Flashcards in week 9 part 1 neuro Deck (65):
Define Cord concussion:
Results in a temporary disruption of cord-mediated functions
Define Cord contusion:
Bruising of the neural tissue causing swelling and temporary loss of cord-mediated function
Define Cord compression:
Pressure on the cord causing ischemia to tissues; must be relieved (decompression) to prevent permanent damage to the spinal cord
Define Laceration as it results to spinal cord injuries:
Tearing of the neural tissues of the spinal cord; may be reversible if only slight damage is sustained by the neural tissues; may result in permanent loss of cord-mediated functions if spinal tracts are disrupted
Define Transection as it relates to spinal cord injuries:
Severing of the spinal cord, causing permanent loss of function
When all tracts in the spinal cord completely disrupted; all cord-mediated functions below the transection are completely and permanently lost this is defined as:
A complete transection
When some tracts in the spinal cord remain intact, together with functions mediated by these tracts; has the potential for recovery although function is temporarily lost this is defined as:
When there is some demonstrable sensation below the level of injury this is defined as:
A transection with preserved sensation only
When preserved motor function without useful purpose; sensory function may or may not be preserved this is defined as:
Transection with preserved motor nonfunctional
When a spinal injury occurs with preserved voluntary motor function that is functionally useful this is defined as:
Preserved motor functional
Define hemorrhage as it relates to spinal cord injuries:
Bleeding into the neural tissue because of blood vessel damage; usually no major loss of function
Damage or obstruction of spinal blood supply causes:
T or F: All forms of injury can cause spinal cord edema, further decreasing blood flow and oxygenation.
Direct compression of neural elements by bone fragments, disc material, and ligaments damages (the CNS, PNS or both)?
both the central and peripheral nervous systems.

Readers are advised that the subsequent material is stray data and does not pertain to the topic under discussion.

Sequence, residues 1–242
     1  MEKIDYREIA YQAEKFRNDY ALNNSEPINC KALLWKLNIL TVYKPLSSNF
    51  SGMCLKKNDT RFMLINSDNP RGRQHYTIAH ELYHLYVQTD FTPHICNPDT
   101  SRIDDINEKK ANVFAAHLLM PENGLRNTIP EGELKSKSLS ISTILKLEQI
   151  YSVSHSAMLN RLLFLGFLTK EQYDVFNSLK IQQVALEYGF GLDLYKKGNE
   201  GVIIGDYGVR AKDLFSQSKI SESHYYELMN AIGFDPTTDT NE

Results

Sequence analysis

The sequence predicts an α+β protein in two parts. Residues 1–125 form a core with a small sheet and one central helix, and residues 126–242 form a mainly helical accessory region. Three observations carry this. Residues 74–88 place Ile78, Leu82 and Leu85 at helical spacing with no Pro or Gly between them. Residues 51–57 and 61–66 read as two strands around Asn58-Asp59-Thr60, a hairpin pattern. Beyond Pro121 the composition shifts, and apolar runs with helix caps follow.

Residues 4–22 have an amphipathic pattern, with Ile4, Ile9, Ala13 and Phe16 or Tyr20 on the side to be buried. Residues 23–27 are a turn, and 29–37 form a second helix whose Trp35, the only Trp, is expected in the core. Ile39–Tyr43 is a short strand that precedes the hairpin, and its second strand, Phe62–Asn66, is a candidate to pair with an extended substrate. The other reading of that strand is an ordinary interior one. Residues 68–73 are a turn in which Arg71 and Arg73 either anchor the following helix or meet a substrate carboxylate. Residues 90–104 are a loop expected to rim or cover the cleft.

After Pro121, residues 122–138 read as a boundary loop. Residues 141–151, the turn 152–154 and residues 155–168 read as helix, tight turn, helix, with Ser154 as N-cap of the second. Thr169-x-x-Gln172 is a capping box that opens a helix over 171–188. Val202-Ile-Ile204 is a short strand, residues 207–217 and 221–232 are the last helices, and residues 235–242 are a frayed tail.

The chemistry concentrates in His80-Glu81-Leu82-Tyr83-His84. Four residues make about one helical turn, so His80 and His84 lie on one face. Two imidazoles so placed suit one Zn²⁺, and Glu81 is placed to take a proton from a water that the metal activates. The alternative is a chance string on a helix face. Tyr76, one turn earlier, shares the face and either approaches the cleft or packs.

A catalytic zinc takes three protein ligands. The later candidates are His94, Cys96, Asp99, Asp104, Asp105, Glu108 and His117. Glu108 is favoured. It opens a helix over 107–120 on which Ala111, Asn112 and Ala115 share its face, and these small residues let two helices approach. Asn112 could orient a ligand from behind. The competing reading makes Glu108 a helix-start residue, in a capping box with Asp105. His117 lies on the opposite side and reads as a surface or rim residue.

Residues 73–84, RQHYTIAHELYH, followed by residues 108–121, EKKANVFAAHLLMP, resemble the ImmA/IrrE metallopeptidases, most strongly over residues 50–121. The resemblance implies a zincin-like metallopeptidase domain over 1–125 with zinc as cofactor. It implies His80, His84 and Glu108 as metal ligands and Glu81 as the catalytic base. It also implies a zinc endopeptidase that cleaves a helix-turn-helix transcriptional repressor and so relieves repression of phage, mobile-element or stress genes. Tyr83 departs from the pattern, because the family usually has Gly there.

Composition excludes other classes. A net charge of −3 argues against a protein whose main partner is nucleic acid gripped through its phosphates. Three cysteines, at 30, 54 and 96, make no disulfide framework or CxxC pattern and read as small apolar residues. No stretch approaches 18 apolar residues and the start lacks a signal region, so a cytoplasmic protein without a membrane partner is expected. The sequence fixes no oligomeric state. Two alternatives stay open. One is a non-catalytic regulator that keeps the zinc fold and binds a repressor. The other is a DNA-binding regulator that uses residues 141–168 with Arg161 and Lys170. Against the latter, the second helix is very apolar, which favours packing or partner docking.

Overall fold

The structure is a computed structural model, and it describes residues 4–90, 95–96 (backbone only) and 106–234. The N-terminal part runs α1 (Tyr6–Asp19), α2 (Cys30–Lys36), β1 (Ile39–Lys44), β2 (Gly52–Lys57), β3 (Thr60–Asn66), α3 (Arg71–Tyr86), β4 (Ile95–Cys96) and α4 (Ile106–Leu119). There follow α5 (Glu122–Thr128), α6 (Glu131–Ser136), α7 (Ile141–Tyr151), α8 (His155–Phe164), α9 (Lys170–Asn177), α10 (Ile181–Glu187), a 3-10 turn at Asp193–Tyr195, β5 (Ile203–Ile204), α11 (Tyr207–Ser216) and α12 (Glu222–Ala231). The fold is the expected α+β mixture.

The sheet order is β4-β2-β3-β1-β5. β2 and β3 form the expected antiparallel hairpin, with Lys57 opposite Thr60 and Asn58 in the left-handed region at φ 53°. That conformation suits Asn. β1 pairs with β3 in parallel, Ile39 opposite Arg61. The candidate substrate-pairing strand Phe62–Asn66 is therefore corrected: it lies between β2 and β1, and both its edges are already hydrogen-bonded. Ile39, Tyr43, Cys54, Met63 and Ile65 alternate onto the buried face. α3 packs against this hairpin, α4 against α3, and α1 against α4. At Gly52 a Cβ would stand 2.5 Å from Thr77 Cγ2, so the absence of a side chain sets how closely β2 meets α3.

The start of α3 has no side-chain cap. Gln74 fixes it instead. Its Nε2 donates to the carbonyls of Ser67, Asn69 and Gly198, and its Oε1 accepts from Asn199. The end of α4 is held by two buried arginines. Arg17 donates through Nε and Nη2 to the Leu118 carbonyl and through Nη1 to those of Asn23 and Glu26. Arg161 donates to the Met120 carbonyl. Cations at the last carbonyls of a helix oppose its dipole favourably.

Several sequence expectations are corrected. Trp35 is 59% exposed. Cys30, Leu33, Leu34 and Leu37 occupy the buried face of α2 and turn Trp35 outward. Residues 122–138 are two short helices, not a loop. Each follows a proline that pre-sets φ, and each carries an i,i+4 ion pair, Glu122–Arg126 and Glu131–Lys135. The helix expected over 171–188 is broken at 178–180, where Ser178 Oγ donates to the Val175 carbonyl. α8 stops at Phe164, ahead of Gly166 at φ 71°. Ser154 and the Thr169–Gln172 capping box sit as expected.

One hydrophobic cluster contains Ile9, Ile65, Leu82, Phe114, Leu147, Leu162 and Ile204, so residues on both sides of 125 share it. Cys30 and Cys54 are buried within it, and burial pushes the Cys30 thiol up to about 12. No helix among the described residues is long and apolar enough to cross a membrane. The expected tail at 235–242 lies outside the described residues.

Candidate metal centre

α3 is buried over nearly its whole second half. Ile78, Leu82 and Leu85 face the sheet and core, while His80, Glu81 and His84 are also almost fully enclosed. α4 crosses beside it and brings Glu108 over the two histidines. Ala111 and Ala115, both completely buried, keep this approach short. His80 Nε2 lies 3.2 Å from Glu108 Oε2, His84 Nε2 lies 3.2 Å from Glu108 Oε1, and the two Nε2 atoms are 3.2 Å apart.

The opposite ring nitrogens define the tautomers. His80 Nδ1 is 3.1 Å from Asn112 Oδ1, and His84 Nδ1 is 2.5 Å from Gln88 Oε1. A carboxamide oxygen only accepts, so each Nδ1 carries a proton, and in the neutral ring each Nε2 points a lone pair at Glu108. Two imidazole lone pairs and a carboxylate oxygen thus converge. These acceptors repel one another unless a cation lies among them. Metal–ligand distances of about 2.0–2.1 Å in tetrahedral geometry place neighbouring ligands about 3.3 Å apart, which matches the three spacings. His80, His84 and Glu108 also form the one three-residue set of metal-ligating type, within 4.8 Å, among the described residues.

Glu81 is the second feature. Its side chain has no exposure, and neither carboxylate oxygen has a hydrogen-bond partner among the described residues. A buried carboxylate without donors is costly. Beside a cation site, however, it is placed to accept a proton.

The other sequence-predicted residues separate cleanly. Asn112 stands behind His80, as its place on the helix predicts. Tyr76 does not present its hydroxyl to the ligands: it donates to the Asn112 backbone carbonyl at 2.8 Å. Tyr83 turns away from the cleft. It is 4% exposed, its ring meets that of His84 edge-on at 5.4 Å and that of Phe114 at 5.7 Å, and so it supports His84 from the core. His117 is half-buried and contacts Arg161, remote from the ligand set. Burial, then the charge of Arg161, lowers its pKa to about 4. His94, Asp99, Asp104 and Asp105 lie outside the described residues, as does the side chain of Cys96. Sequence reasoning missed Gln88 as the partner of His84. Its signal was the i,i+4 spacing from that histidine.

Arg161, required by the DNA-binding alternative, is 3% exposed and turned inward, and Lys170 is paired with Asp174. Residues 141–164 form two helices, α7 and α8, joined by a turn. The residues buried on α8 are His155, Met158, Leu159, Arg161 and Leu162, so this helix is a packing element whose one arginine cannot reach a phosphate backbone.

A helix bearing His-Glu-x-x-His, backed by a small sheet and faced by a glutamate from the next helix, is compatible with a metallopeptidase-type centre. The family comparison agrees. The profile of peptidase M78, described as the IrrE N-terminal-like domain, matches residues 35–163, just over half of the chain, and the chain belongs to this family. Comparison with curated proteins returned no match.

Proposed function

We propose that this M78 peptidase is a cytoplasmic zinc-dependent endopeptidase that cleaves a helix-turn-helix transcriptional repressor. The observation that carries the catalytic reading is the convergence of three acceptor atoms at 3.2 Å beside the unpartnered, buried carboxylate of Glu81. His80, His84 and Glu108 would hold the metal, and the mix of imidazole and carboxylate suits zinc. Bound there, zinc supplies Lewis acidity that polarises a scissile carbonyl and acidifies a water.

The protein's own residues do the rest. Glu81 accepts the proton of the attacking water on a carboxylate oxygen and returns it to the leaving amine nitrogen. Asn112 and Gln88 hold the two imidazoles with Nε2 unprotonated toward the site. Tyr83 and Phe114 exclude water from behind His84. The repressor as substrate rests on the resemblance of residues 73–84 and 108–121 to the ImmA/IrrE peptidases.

Loss of autoregulation and spinal shock cause_______________________________
systemic hypotension and exacerbate ischemia
T or F: All motor, sensory, reflex, and autonomic functions cease below any transected area and may cease below concussive, contused, compressed, or ischemic areas.
Loss of motor and sensory function depends on________________
the level of injury.
The result of this type of spinal cord injury is absent motor function, sensory, and pressured (“touch”) sensation and position and vibratory perception to all body areas innervated by the spinal cord tissue below the level of disruption.
A complete injury
This type of injury results in spinal cord injury can be defined as one in which there is a variable degree of loss of function secondary to partial cord disruption of the spinal cord (some pathways of neurological function are intact, some are disrupted either permanently or transiently).
An incomplete injury
Define Central Cord Syndrome:
Type of injury that results from hyperextension
______________ is Characterized by disproportionately greater motor impairment of the upper than the lower extremities with variable sensory loss below the level of injury, and central hemorrhagic necrosis and swelling
central cord syndrome
Define Sacral Sparing:
Important determinants of an incomplete lesion of the spinal cord are preservation of voluntary rectal sphincter tone and perianal sensation
____________ is a type of injury that results from hyperflexion